Anxiously Waiting For Someone? Here's How to Feel Calmer
Yes, waiting sucks. But you can make it suck a lot less.
Welcome to One Thing Better. Each week, the editor in chief of Entrepreneur magazine (that's me) shares one way to level up — and build a career or company you love.
This edition is presented by Max Borges Agency — see the bottom of this email for their advice on how to tell your story better!
Today’s one thing: Obsessing over where someone is.
That one thing, better: Imagining where else they might be.
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You are waiting on someone.
It’s driving you crazy. Where are they??? Maybe they need to approve your pitch. Or to reply to your email. Or just say yes to hanging out — but they’re suddenly hard to reach.
In their absence, you make up stories. Maybe they hate you now. Or they’re preparing to reject you. Or lost interest in you.
You desperately want to know what they’re thinking — so today, I will tell you. I can end the suspense! And I will help you stop worrying.
You know the old breakup cliché, “It’s not you — it’s me?”
We’re going to flip it. In this story, it’s not you. It’s them.
Here’s what I mean.
What’s their problem?
I first learned this lesson in a non-work context.
I moved to New York at age 28. I knew only a few people here, which meant every friend felt like a lifeline — my sanity and my social life.
One friend in particular became really close. We hung out a lot — regular dinner or drinks, a lot of texting through the week.
Then she started to disappear. She’d cancel on me last-minute or take longer to reply. Soon we’d gone from hanging every week to every month. Then longer.
What was happening? Oh, I had theories. She found me annoying? Exhausting? Needy? Whatever it was, I believed she was pushing me away. I didn’t want to ask why, because that would only make things worse, right?
Time passed. We finally hung out. “I’m sorry I’ve been so flaky,” she told me. And then she explained.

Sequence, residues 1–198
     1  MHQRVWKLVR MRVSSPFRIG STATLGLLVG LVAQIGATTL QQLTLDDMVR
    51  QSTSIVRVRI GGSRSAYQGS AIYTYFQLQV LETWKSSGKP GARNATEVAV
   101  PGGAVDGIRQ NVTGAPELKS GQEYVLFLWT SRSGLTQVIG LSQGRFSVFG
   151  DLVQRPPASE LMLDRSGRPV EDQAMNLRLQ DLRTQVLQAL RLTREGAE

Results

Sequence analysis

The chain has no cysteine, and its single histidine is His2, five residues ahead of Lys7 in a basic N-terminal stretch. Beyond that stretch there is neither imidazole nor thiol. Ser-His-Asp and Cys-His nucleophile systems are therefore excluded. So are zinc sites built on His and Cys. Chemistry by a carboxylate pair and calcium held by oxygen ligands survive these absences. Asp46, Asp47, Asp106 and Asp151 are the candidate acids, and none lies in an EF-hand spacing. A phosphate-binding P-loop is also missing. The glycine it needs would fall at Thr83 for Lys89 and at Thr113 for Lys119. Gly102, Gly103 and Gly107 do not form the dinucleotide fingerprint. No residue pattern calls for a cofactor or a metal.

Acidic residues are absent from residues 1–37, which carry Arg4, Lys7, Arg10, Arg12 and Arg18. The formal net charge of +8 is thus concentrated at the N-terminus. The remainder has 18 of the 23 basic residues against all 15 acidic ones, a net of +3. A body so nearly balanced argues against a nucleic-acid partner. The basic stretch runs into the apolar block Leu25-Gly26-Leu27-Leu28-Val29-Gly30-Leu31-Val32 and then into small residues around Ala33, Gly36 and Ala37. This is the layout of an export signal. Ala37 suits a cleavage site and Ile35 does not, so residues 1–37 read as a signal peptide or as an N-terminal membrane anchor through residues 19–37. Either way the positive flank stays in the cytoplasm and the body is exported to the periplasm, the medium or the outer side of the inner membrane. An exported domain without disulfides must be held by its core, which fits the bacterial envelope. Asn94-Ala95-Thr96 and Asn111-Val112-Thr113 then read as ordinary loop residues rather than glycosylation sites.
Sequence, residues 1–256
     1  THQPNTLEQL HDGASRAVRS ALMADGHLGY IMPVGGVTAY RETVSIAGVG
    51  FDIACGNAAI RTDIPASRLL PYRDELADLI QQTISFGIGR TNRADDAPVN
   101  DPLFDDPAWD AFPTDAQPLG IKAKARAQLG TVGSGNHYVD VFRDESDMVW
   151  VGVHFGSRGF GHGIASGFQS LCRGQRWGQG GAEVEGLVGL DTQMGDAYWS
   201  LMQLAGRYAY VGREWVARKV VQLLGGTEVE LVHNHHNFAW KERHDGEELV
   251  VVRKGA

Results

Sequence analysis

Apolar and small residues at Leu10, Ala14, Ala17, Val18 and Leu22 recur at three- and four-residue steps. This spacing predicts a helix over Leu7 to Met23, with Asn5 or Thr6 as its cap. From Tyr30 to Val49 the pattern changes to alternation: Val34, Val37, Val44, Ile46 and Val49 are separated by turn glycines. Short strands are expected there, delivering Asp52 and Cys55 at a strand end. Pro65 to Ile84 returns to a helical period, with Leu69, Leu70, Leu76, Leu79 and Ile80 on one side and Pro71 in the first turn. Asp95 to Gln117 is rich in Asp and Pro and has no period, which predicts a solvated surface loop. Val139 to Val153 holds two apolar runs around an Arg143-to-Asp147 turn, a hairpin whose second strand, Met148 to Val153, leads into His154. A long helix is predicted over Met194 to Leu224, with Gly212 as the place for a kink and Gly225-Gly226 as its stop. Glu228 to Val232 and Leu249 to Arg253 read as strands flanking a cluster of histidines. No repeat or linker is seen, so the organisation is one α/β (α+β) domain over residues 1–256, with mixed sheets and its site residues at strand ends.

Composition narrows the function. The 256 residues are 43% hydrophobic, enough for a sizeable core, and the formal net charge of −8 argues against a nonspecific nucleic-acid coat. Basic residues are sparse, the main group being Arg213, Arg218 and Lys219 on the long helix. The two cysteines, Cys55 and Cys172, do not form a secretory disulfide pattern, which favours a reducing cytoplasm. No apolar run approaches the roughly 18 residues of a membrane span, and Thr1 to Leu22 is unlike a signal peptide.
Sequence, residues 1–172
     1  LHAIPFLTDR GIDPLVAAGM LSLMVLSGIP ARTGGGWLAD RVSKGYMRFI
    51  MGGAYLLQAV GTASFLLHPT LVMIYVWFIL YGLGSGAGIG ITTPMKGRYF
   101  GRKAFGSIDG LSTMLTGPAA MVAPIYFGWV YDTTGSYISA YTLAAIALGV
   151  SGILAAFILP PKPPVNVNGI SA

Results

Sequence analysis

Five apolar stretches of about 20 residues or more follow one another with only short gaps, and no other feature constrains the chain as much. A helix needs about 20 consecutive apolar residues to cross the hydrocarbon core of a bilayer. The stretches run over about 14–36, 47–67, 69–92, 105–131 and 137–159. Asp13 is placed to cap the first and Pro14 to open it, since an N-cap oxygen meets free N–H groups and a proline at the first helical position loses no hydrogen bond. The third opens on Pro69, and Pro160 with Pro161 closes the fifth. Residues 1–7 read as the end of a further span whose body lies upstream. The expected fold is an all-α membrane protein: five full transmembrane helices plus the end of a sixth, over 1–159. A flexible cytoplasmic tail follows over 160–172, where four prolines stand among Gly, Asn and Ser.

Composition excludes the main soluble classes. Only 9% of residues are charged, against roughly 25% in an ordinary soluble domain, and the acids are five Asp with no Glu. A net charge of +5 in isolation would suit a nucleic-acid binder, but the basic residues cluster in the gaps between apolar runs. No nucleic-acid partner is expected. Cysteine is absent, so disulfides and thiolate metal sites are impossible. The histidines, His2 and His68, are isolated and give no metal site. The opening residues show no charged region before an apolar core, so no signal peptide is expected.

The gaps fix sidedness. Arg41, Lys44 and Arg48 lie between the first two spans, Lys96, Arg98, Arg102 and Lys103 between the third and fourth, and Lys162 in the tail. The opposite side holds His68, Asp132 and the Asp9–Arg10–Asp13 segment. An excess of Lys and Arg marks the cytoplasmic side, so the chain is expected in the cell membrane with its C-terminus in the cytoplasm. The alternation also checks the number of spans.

It was a lot. Work was overwhelming her. Her anxiety was high. She was fighting with her sister. Most nights, she didn’t have the energy to do anything — so she’d been holed up at home, doing nothing.
As I listened to this, I realized: This whole time, I’d made the situation about me. I assumed I drove her decisions.
But that meant I never thought about her — because her life was bigger than just me! Of course it was! And the problems were in her life, not mine.
The next time someone disappears on me, I vowed to remember: I don’t actually know what’s going on in someone else’s life.
Now I want you to think about the person you’re waiting for.
Do you know what’s going on in their life? No?
You should take a guess.
Really! It’s a helpful exercise.
You’re waiting for someone right now. They’re not getting back to you.
If you’re worried about this, it’s probably because you’re making up a story where you’re the main character. YOU are the person they’re avoiding. YOU are the person they’re rejecting.
Now step back and ask:
What else could be happening in their lives?
For real. Come up with some stories. Any stories! Anything that sounds plausible, but that does not include you.
I’ll give you an example. I’ve been consulting with an entrepreneur I’ll call Amanda. She pitched a big project in June, and the proposal made its way through multiple layers of review — and then languished on the CEO’s desk, waiting to be approved or rejected.